The X4 in Catacomb is interesting. X4 is an almost non-existent basal clade of X. Armenia-1, Palestine-1.

One Babyno culture result indicates it is of partial "R1a Z93" origin. One had J2b1a-16274. Today, this lineage is a common founder effect in both the Kalash & Pathan. One Babyno sample is a perfect match with one of the Corded Ware sample in this today: both are H1e+16318.

Samuel Andrews said...

poz090, 3350-3200 BC, Ukraine, is the second ancient example of U2e1a1. The other is from LNBA (not Beaker) Germany.

U2e1a1 is rare but its modern distribution mimics other lineages common in ancient Steppe cultures.

H15a1 popped up in COrded Ware. It has also appeared in Yamnaya. Based on modern mtDNA I have been suspecting that in Europe H15 is of Steppe origin. Many non-U mtDNA in Steppe cultures have a very Iran-Neolithic (Iran, SC Asia) distribution in modern pops: J1b1, W3, I1, T1a1. H15 does too. Interestingly, H15a1 peaks in Armenia.

Davidski said...

@Samuel Andrews

Isn't U2e1a1 found in one Bell Beaker and one Corded Ware?

Bell Beaker I5023 Osterhofen-Altenmarkt

Corded Ware I1541 Esperstedt

Samuel Andrews said...

Thanks for the correction. I should have double checked on that one.

Santosh said...

Indian archeogenetics now accept that the indus valley people as ASI (Dravidian). Aryans came later. Todays article in outlook magazine about Rakhigharh DNA

Synome said...

I hope I'm not derailing too much, but check out this quote from the Outlook article:

“The Rakhigarhi samples have a significant amount of ‘Iranian farmer’ ancestry,” says Rai. “In India’s present-day population, only the south Indians have Iranian farmer ancestry. You won’t find Iranian farmer DNA in the north Indian population.”

...pardon? I hope this is a misquote by the author of the article.

Santosh said...

@Synome don't read too much into the article. After all it is just a magazine article. Definitely a misquote.

Davidski said...

@Santosh & Synome

It's a misunderstanding of some sort, obviously, so let's just wait for the paper. But I think we all know what to expect; basically a South Indian/Dravidian-like sample or samples very similar, if not identical, to the Bronze Age Indus Periphery individuals from Central Asia.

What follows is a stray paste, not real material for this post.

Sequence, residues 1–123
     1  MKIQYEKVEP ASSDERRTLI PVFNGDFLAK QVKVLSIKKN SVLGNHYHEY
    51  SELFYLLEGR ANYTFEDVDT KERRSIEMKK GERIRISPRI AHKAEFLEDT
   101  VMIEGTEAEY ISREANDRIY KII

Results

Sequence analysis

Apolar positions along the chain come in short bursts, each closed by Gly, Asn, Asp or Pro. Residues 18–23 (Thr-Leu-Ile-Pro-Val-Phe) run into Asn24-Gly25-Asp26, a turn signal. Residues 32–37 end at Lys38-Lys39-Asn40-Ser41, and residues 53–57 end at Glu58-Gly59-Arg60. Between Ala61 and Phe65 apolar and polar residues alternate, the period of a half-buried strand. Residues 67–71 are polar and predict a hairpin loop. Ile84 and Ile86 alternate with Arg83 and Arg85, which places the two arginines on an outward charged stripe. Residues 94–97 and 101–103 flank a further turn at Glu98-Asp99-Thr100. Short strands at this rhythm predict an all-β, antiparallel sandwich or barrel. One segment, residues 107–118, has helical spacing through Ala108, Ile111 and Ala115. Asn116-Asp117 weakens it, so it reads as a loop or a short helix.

Ric Hern said...

@ EastPole

My argument is that there were many migrations between Derievka and Samara and Derievka and the Lower Don since the Mesolithic due to periodic aridification in the Pontic-Caspian Steppe. So all these people could have contributed to the formation of PIE.

But the Derievka area seems to be central to these migrations and developments and less effected by too arid or too moist periods ?

If CHG already started to mix with Mesolithic Steppe people the basic words and characteristics of PIE could have been established during this time with more technology related words following during the Neolithic and Eneolithic with most sharing taking place during the aridification periods when people seemed to cluster together in areas with more stable resources and distribution of words and characteristics to smaller related populations during the Wet periods which basically leveled out the different dialects to eventually form the form of PIE that was spoken during the Earlier dispersals outside the Pontic-Caspian Steppe area.

That is why I think both R1a and R1b in the Pontic-Caspian Steppe area were PIE people.

Dmytro said...

@ Ric

"That is why I think both R1a and R1b in the Pontic-Caspian Steppe area were PIE people."

With a few others (I2a2 certainly) tossed in here and there...

EastPole said...

@Ric Hern